The voiceovers don't bother me that much, although I can see how some may feel that they are forced. Actually, like the docu-style aspect, what may be needed, perhaps sooner than later, is to have a kid, or two, do the voiceover at the end, to give a different perspective.

What I found touching in this ending was after Jay holds the trophy, they pan to a shot showing a picture of his kids in their ice skating dress up. To me, it was their way of showing that, whatever their dad may feel about things, Jay loves his kids tremendously. Ed O'Neill does a tremendous job playing the old, cagey guy who, at the heart of it, really cares about everything around him and just wants the best for everyone.

The cheesy line about wanting to be on the same team again worked for me as well, simply because there seems to be so much truth in that in regards to kids growing up in divorced families. I am, and will, always be a Julie Bowen fan and hope that she comes back to Lost one more time.

I think, with comedies, people often complain about the dramatic moments, as they did with Friends in it's latter life. Certainly, there's a point that it goes too far, and Friends certainly did go past the line a few times, but I think what makes a good comedy is a good balance of seriousness coupled with moments of brevity. So far, outside of last week's episode, I'm very pleased with it. We attach ourselves to comedies because there is an element of truth in it, and they, I think, are doing a great job.

dying alone said...

Luke: I saw a ghost.

That was the line that put me in stitches. It was so random, so true to "the dropped ball" character, and the beat was so well timed/edited.

And unlike most of you, I really appreciate the voiceovers at the end. Are they overly sentimental? Perhaps. Do they seem a bit too neat in the summation of the episode? Sure. But if we didn't have those voiceovers, especially coming from the patriarch, we'd have a show with a lot of conflict and not a lot of heart. Because, as Alan already mentioned, it is important that we realize this family really does love each other, despite those conflicts. Because let me tell you, those conflicts will stop being funny once you lose the warmth between characters. (See Everybody Loves Raymond and other similar family comedies.)

It's also important to note that the voiceovers are after the families have separated. If the family came to that conclusion together every week, THEN I would agree that it's too much. But as we already saw with the "Under the Moonlight" kid, this family is dysfunctional and won't see eye to eye... at least not when they're together. By separating the voiceovers, it allows us an unrestricted though still subjective narration to this family.

Plus, I love that Ed O'Neill's character had the ice skating picture on his desk. I thought THAT was the sweetest "throwaway" moment.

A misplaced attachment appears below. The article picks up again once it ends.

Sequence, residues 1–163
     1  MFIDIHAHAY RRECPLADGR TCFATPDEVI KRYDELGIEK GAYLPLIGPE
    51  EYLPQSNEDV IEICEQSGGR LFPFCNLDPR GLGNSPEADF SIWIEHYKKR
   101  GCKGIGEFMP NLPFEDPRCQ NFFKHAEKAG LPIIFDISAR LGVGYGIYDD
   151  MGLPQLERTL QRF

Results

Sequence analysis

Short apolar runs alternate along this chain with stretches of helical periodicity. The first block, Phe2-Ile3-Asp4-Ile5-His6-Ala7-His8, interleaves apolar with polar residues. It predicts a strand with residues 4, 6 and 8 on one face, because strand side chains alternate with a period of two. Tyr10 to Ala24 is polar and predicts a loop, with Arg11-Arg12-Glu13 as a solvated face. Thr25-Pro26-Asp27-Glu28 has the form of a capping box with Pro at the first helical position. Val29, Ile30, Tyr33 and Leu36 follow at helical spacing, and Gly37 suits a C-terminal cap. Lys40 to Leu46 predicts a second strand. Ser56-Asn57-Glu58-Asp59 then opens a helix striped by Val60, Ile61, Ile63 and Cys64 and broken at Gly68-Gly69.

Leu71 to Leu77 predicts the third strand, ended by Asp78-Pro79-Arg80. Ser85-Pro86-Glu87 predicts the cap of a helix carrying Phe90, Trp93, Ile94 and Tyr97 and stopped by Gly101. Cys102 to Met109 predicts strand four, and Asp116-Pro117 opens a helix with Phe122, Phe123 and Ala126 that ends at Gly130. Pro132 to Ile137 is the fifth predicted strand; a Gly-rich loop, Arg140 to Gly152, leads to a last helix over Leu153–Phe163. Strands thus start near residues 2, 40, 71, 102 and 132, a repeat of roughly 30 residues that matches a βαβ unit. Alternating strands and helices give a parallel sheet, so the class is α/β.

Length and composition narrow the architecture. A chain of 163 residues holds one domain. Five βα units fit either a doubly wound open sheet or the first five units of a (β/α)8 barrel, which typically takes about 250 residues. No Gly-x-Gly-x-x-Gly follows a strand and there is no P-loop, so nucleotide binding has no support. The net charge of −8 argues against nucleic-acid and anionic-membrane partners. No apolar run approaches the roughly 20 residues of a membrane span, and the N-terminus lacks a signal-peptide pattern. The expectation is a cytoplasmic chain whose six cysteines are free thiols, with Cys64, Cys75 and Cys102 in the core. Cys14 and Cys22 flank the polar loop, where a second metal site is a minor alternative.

Joanne said...

I guess I really like the show, because neither Phil nor the voiceovers bother me. I think he and they are sweet. I find it funny that this show has been on for like five weeks or something and it is already at the point where we can all get really nitpicky about it. That's a good sign!

belinda said...

Fire and Nice was definitely an 'homage' to Lucille and Buster (cue music), I think. But since it's done in such a different tone, I still enjoyed it. Love the routine in the parking lot.

And I really really want a "Who da Manny?" tee.

Still good times. I liked this episode more than last week's, even though I suppose both would be the 'weaker' episodes so far. And ditto on the ending voiceovers - it's just not really necessary and is mildly annoying. Hopefully they'd lose that once they've built their audience.

But Cam kills it for me, every time, regardless of how the episode was.

Hal Incandenza said...

Gladwell shoutout! (The 10,000 hours line)

Strong episode...I actually found the quick cutting baseball sequence to be hilarious.

Hatfield said...

So I guess I'm the only one with the "the voiceovers are an elaborate joke" theory going on? Maybe it's just my way of dealing with how unnecessary they are. Though I like the explanation that it brings some levity to some of the meaner things they do and say.

erin said...

I thought the scene where Gloria went from "Do whatever makes you happy" to snarling woman when Manny said he was quitting because he didn't want to fight a girl, was terrific. I think she's way underrated.

I was really hoping Phil would turn the house bit around, but if he's the show's resident screw-up, I can deal because he loves his family and is trying so hard. But still...I wonder why Claire would go for him too.

Cam as the home FILM director...classic! I enjoy his and Mitchell's interactions, but pretty much anything Cam does or says makes me laugh.

Each week I look forward to spending time with this family!

Manju said...

I agree with it not being a funny episode, but the voice-overs don't bother me at all, I like the sweet side of the show, it is after all about modern families, and as crazy and retarded as they may be, people still care, so there's that.